Float Research: Bubble Watchers Should Set Their Sights on Corporate Bond Market
Minyi Chen, CFA, Chief Operating Officer of TrimTabs Investment Research and Portfolio Manager of AdvisorShares TrimTabs Float Shrink ETF (NYSE Arca: TTFS) shares recent fund flow trends.
Insatiable Appetite for Corporate Debt Despite Poor Performance. Corporate Bond ETFs Issue Staggering $21.6 Billion (27.5% of Assets) Year-to-Date.
We have read a lot of chatter about bubbles in recent months. We think investors looking for bubbles will find the credit markets a lot more bubbly than the equity markets. Investor appetite for corporate bonds—particularly investment-grade corporate bonds—is seemingly insatiable despite near record low yields and persistently poor performance.
Corporate bond ETFs posted steady inflows in the past year even though the average fund delivered a net price decline in this period. Most recently, Corporate bond ETFs issued $641 million (0.8% of assets) in the past month and $6.2 billion (7.9% of assets) in the past three months. The year-to-date inflow now totals a staggering $21.6 billion (27.5% of assets). It is amazing how eager investors are to lend money to companies at pathetically low yields.
Enthusiasm was much cooler for high-yield debt than for investment-grade debt in the past year. While inflows into High-Yield bond ETFs picked up to $4.0 billion (11.4% of assets) in the past three months, the year-to-date inflow amounts to a mere $3.3 billion (9.4% of assets).
Post-Thanksgiving Share Selling Frenzy Piles Pressure on Stock Market. Underwriters Set to Dump Almost $10 Billion in New Shares into Market on Wednesday and Thursday.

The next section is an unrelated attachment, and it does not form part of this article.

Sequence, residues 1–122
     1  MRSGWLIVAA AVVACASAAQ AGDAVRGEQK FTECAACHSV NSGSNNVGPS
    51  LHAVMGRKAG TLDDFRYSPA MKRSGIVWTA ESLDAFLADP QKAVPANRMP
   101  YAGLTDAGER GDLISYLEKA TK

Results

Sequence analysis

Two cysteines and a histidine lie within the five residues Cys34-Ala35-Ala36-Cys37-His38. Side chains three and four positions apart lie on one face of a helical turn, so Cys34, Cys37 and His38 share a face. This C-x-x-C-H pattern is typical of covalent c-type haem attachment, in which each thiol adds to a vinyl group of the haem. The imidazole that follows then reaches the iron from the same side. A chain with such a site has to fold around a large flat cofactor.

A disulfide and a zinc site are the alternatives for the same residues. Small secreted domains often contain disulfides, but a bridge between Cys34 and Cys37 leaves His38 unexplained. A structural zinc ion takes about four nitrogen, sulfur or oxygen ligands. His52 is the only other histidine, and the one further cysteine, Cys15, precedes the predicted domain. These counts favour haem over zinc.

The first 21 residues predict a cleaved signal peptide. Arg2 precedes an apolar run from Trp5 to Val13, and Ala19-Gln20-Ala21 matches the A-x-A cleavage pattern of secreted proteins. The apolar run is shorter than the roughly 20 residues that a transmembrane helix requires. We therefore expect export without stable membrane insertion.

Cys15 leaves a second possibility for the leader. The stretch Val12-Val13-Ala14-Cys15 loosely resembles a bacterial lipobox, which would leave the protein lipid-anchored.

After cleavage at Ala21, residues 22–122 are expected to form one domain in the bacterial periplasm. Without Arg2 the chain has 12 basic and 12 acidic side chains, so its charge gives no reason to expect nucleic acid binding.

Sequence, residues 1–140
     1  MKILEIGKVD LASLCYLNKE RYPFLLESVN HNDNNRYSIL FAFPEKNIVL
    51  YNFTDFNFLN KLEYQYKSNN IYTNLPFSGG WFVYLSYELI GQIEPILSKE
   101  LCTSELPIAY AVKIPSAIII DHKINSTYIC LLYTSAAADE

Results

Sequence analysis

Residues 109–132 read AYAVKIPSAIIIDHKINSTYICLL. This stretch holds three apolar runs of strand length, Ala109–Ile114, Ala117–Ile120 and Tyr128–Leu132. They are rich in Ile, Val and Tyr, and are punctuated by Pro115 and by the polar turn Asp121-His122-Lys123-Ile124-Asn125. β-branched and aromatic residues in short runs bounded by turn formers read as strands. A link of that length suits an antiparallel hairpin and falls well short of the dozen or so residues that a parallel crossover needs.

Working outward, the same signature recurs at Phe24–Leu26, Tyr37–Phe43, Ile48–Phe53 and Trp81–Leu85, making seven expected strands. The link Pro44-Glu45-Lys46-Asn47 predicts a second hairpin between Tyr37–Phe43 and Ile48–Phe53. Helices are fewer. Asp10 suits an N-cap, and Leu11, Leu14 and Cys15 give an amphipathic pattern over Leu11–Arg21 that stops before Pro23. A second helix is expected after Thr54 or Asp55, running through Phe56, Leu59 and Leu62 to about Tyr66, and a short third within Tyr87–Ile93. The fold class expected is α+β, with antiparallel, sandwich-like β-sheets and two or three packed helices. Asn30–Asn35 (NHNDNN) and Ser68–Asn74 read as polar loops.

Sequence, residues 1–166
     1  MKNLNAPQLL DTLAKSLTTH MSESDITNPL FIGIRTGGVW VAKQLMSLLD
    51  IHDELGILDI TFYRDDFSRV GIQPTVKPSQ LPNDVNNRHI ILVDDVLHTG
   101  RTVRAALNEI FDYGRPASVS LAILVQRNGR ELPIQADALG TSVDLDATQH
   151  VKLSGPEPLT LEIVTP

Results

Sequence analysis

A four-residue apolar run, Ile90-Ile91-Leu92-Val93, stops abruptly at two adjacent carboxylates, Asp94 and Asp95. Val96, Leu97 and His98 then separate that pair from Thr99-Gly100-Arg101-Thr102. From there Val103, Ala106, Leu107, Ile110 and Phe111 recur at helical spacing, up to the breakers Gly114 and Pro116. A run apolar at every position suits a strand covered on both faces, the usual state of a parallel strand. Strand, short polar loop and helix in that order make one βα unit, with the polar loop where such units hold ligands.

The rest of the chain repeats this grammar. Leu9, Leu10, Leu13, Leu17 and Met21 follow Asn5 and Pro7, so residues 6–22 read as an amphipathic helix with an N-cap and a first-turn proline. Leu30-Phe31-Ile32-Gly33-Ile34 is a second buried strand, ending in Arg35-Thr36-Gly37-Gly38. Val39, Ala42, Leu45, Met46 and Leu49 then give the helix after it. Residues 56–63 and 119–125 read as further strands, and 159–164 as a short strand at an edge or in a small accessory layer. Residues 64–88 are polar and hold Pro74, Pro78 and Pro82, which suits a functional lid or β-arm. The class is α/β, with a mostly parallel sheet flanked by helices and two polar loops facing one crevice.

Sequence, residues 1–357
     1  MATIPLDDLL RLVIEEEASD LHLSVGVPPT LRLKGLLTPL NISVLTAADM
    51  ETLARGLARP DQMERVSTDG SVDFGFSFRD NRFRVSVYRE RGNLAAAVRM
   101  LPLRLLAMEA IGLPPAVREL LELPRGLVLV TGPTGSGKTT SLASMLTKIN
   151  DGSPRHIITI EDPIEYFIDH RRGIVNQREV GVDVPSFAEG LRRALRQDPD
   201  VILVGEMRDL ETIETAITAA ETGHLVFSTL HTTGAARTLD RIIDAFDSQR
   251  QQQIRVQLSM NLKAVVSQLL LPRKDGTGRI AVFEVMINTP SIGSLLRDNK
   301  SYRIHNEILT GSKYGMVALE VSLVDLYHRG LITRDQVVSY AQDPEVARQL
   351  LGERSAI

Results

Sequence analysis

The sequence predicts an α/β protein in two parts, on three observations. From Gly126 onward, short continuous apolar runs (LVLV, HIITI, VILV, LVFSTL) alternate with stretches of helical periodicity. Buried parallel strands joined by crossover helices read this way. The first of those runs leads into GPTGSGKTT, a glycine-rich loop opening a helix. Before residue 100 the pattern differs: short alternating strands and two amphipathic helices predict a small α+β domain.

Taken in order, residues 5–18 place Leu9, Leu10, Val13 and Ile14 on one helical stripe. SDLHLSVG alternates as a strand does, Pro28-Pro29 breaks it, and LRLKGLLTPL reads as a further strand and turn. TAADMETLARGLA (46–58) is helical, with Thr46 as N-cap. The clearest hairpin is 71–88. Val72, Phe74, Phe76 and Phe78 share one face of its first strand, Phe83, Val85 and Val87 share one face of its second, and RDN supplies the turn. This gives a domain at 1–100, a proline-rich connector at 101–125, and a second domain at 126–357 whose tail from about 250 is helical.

Contrary to what journalists want us to believe, Wednesday’s sell-off probably had far more to do with a spike in corporate share selling than it did with the Washington budget deal; the rumored nomination of Stanley Fischer to be Federal Reserve Vice Chairman; or our perennial favorite, ‘disappointing earnings.’ Underwriters are scrambling to unload as much as they can before the new offering calendar’s winter snooze. All else being equal, the more new shares underwriters sell, the less money is left in the checking accounts of stock market intermediaries to buy existing shares.
The ‘white shoes’ already pumped out $4.6 billion from Friday through Tuesday, and Dealogic reports that a whopping $6.5 billion is scheduled for Wednesday—led by big IPOs for Hilton Hotels ($2.5 billion) and Aramark ($900 million) and secondaries for Pinnacle Foods ($550 million) and SeaWorld Entertainment ($550 million)—and $2.3 billion is scheduled for Thursday—led by a follow-on for Darling International ($900 million) and an IPO for CheniereEnergy Partners LP Holdings ($700 million). Add some more overnight deals, and new offerings should easily hit our upfront estimate of $15 billion this week, which would be the highest level this year.
Corporate Buying Extremely Concentrated: Information Technology Firms Account for 48% of Corporate Buying Announced in Past Three Months.
Companies have continued to announce plenty of float shrink late this year as stock prices have chugged higher. Announced corporate buying has topped $50 billion in all but two complete months this year.
What these aggregate totals mask is that corporate buying has become more and more concentrated. Information Technology companies accounted for 48% of the corporate buying announced in the past three months. This strength is the key reason we are long Information Technology in our sector model portfolio.
No other sector accounts for even 15% of corporate buying, and the sectors with the next largest shares are Industrials (14%), Financials (11%), and Health Care (10%). Note that corporate buying has been very low in both consumer sectors, particularly in Consumer Staples.
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